By Rebekah Moan, staff writer

December 21, 2011 -- Improving communication of urgent and unexpected findings is crucial for patient care, according to the European Society of Radiology (ESR). In a recently released guidance document, ESR emphasizes the importance of clear protocols and procedures agreed upon between imaging units and referrers.

Patients may not benefit from radiologists' expertise if there is a failure to timely communicate the imaging findings, noted the ESR guideline published online first in Insights into Imaging (21 November 2011).

European Society of Radiology
Effective feedback and monitoring systems are rare, but would have a major impact on patient care, according to the ESR Subcommittee on Audit and Standards. Image and ESR logo on the home page are courtesy of European Society of Radiology.

"An ideal situation for most nonemergency situations is where imaging reports are communicated via electronic means to the correct referring doctor, with an automatic feedback or alert mechanism if the report is not accessed within a certain time," wrote members of the ESR Subcommittee on Audit and Standards.

Data exchange standards integrated into electronic systems, such as Integrating the Healthcare Enterprise (IHE), can assist institutions in providing seamless electronic communication.

"Effective feedback and monitoring systems would enable radiologists to rely on reports being accessed and read, but in practice such systems are rare, and would still not be responsive enough for life-threatening emergencies," the committee noted.

Due to large and increasing workloads, radiological examinations are frequently reported elsewhere than the site of acquisition, and radiologists are increasingly providing more complex services outside conventional working hours. It has, therefore, become even more challenging to ensure the timely communication of urgent or unexpected findings.


Institutions have a responsibility to encourage and promote safe practice. Radiology report alert mechanisms are a safety feature but are often costly. Electronic information transfer and confirm/report acknowledgement systems require significant capital investment, and all additional methods are time-consuming for the radiologists. Referrers must ensure the results of investigations are properly followed-up, accessed, and acted upon -- including radiological exams. The referrer should read, and preferably mark as read, the results of all imaging investigations that they request, according to ESR.

"Hospital doctors often work in teams, and shift working is common, therefore the responsibility for reading and acting on radiological results must be clear within the team, and if the duty is delegated to another team member, this delegation should be clear," the committee advised.

Radiologists should have robust protocols in place to send reports to referrers in a reliable, timely, and consistent manner with everyone in the institution aware of the system. More problematic and open to debate is the handling of cases with urgent or unsuspected radiological findings, and where an additional alert mechanism to ensure that the findings are not overlooked may be desirable, the ESR committee noted.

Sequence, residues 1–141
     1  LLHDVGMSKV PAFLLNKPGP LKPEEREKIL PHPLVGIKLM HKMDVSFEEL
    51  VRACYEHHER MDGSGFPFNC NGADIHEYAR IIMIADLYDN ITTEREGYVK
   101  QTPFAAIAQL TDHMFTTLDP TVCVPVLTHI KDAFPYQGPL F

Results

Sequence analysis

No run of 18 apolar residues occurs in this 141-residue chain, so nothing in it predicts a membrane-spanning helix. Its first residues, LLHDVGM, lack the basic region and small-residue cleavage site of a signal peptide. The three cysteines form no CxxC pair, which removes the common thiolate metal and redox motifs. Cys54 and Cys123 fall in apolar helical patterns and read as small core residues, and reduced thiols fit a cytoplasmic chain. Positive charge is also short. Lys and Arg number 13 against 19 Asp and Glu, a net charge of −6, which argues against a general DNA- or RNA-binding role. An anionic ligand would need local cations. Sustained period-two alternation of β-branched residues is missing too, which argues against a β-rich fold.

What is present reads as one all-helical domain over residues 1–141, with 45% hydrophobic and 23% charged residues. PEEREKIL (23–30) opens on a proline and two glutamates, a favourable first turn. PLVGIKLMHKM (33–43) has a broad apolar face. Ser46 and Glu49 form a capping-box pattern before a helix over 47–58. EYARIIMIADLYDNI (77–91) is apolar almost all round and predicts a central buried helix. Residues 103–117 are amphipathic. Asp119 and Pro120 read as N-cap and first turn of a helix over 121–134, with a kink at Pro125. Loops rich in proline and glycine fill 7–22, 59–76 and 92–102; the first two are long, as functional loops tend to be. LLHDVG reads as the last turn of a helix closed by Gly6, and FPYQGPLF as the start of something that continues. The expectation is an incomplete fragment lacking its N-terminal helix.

Ideally, radiology departments should have written protocols outlining the procedures for the additional steps required in the event of emergency or unexpected findings being revealed. For instance, the policy could be only contacting the referrer by telephone in the case of an immediate life-threatening abnormality or clinically unsuspected cases of malignancy. This allows referrers and radiologists to understand the limited or extensive nature of the radiologist's responsibility.

Here is an outline of the key recommendations on protocols:

  • Protocols should stipulate the method of alert, which may range from direct telephone contact or faxing of reports, to electronic means with annotations on PACS or RIS.
  • For written protocols, it should be widely available, disseminated throughout the institution, and adhered to by the radiologists.
  • In the absence of a clear policy, it is good practice for the radiologist to effectively communicate the report by whatever means seems appropriate.
  • For emergency findings such as pulmonary emboli, fractures, and acute bleeding, direct contact (usually by telephone) should be made with the referring doctor or someone who can take appropriate action.
  • If the findings are unexpected, the radiologist must make a judgment call but usually direct telephone communication is unnecessary. Other methods such as email, fax, alerts, or flags will suffice.
  • For incidental findings, usually urgent communication is required only when action needs to be taken in a short time frame.

Overall, the advantages of enhanced communication include improved patient safety, maximum benefit to the patient, and protocols become widely understood within the organization and amongst referrers The disadvantages include referrers relying on alert mechanisms and assuming other reports are normal or have no significant findings, responsibility for ensuring imaging reports are acted upon may transfer to the radiologist despite limited information about the patient, and additional time and effort on the part of radiologists.

Copyright © 2011

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